Are Leaded Crystal Decanters Dangerous?

Chris asked a very important question in our post about why do people put scotch in decanters. He wanted to know why I suggested lead free crystal decanters instead of leaded crystal decanters, which are often heavier and sparklier (is that a word?). Leaded decanters are beautiful but they have one drawback – lead.

Is lead really dangerous? Only if you store the whisky, or other spirits or liquids, in the decanter for longer periods of time. The lead can leach into the spirit and ingesting it is not safe. According to The Nibble, the leaching of lead is must faster than you’d guess.

Researches stored port wine in lead crystal decanters and detected 89 micrograms (per liter) after 2 days and 2,000 – 5,000 micrograms after four months. White wine doubled its lead content within an hour and tripled within four. Brandy stored in lead crystal had around 20,000 micrograms of lead after five years.

The EPA’s lead standard in drinking water is a mere 50 micrograms per liter.

The Nibble says that it’s safe to use leaded crystal while you eat – to decant into (but not store), to drink out of, and to serve out of. The key is that you cannot store anything in them or you’ll run the risk of exposing yourself to lead.

Personally, I’m happy to skip it. Why expose yourself in the first place?

About Jim

Jim is the founder of Scotch Addict and one of the many fans of whisky in all its forms. Connect with me on Google+.
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9 Responses to Are Leaded Crystal Decanters Dangerous?

  1. Fred Diver says:

    Hi,
    Interesting to learn of the danger of decanting in leadded glass. Are the levels of lead forever constant? Or will levels drop the more the ladded glass is used? Is there a formula for how much over time?
    My though: Can a “cheap” alcohol be decanted and tossed, say once a week, till there is relatively no lead danger? Surely leaching can occur only into a certain “depth” of the total thickness of the glass, and/or for so long … Or will all the lead of the decantor eventually have to be leached until the glass is left with “0″ lead?
    Thanks,
    Fred

  2. Kyle says:

    Fred, I believe you are correct in that the acid (spirits) will only leach to a certain depth of the crystal, but the problem is that the overall efficiency that lead is leached out of the crystal is relatively low, and consuming even a small amount of lead is dangerous.

    For example, the crystal decanter I own has an interior surface area of about 420 cm^2 and it is 24% lead. That means in the first 0.5 mm of the inside of my decanter, there is over 66 grams of lead (lead crystal that is 24% lead has a density of about 3.15 g/cm^-3). Based on the higher rate above of leaching 5,000 micrograms in 4 months, it would take over 4400 years and over 13000 bottles of cheap liquor to remove the lead in just the first half of a millimeter of a 24% lead crystal decanter.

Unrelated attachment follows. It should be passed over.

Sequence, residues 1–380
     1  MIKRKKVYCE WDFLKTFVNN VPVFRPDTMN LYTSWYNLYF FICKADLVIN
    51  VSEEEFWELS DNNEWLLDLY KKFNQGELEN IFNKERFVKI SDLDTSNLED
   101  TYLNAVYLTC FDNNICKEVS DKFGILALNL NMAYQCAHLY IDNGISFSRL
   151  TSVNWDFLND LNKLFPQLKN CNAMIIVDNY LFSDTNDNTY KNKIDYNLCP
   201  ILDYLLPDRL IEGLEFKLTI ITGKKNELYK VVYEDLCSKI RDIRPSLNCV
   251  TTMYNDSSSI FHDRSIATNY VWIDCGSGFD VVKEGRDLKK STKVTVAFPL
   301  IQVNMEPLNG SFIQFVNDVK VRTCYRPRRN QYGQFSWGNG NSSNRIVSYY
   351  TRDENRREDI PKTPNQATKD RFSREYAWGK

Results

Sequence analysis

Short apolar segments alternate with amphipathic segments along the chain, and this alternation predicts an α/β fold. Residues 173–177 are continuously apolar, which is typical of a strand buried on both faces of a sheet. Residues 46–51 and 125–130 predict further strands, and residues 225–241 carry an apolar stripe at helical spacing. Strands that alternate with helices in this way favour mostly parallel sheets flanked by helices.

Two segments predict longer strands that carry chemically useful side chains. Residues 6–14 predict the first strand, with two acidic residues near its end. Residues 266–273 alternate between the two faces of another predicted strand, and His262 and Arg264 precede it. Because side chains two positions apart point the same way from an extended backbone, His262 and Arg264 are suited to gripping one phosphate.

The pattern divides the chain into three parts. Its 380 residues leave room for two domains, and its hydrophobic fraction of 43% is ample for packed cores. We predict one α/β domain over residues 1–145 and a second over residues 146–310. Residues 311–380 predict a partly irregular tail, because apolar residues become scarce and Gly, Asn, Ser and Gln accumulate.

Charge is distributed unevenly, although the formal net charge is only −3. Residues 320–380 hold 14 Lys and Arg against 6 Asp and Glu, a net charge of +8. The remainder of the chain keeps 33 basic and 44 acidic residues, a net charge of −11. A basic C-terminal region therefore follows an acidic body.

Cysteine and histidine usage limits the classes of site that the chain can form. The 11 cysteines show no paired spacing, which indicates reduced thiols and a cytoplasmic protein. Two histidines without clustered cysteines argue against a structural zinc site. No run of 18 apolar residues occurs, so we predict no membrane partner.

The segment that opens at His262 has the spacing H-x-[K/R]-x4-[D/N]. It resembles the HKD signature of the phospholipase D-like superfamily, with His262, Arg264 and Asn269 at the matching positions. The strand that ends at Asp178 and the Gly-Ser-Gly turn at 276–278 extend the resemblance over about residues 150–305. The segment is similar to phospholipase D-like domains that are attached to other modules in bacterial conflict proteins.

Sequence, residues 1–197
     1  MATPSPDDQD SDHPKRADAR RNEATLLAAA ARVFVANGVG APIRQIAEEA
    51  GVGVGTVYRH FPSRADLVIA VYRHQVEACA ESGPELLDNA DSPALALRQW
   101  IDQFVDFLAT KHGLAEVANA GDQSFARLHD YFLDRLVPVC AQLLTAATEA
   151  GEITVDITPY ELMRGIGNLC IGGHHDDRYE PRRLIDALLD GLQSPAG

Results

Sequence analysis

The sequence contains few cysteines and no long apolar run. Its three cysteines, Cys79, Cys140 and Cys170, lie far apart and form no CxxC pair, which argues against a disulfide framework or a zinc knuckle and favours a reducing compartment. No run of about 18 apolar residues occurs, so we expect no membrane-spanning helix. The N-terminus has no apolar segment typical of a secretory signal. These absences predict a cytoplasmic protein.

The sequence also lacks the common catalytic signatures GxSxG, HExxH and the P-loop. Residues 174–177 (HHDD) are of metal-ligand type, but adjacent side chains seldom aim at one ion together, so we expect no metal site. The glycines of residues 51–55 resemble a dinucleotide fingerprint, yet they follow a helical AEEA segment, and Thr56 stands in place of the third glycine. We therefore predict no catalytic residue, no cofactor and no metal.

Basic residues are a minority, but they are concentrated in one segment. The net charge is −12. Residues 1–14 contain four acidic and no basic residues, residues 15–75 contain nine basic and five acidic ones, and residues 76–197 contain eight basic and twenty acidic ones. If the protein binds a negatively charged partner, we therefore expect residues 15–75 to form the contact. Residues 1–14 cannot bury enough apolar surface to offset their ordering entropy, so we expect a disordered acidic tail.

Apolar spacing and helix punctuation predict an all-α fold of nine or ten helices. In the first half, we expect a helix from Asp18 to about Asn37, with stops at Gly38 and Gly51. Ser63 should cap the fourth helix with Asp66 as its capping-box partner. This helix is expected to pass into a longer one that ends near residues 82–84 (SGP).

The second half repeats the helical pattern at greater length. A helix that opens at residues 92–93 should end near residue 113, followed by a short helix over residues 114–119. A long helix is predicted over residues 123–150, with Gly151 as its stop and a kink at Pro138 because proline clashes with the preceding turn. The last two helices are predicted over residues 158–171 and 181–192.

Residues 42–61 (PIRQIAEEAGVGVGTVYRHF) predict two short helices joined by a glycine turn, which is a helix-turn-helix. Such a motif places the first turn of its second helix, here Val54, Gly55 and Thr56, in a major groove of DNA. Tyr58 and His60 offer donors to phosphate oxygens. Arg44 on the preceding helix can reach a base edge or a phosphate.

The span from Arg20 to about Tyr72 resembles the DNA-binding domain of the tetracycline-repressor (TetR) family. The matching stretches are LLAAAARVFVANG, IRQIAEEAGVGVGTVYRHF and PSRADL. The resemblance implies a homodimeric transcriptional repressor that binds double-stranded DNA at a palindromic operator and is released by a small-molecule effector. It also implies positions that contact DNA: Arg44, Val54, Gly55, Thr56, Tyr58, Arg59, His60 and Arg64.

• Jim says:

      Only 4,400 years?

    • Andy says:

      Why 0.5 mm and not 0.5 cm? It would be even more impressive. You know, half a millimeter is a pretty thick layer of glass for a liquid to penetrate. If it can do that it can just as well penetrate the whole thing. Most likely, only atoms of lead on the very surface would be leaked to the spirit and that’s what, micrometer? Nanometer?

      But let’s look at the numbers. So brandy absorbs 20,000 µg per liter in 5 years. that means 15,000 µg per 750 ml. Then, it’s unlikely it’d last so long, more like 1 year max, so we’re down to 3,000 µg. But since you’re actually consuming it, not just storing, part of your spirit was consumed with less lead, so really it’s just 1,500 µg. What gives you about 4 µg per day average.

      Now they say water with 50 µg per liter is safe. 80 ml of such water contains 4 µg of lead. In other words, keeping spirit in lead crystal decanter is as “dangerous” as drinking an extra half a glass of water per day.

  3. Kyle says:

    A less mathy and nerdy view would also be that decanters that don’t contain lead are commercially available already, and the lead in lead crystal decanters are what make them more brilliant and generally more expensive. So if you had a nice looking lead crystal decanter and removed the lead from it, it would be not so nice looking anymore, and you could have gotten one like it for a lot less.

    • Jim says:

      I prefer your great nerdy and mathy explanation though, thanks Kyle!

    • Andy says:

      That’s not true. Since lead would be remover only from the very thin layer on the inner surface of the decanter, the overall look wounded change at all. The ideal decanter would be lead crystal with a tiny layer of regular glass on the inside but, I think, it would be actually even more expensive.

  4. Lynn says:

    Hi Jim,

    I appreciate your insight and am in search of a well made lead-free Decanter set (Whisky/Scotch).

    Any suggestions on brands that I should be looking to? Who also ship to Canada?

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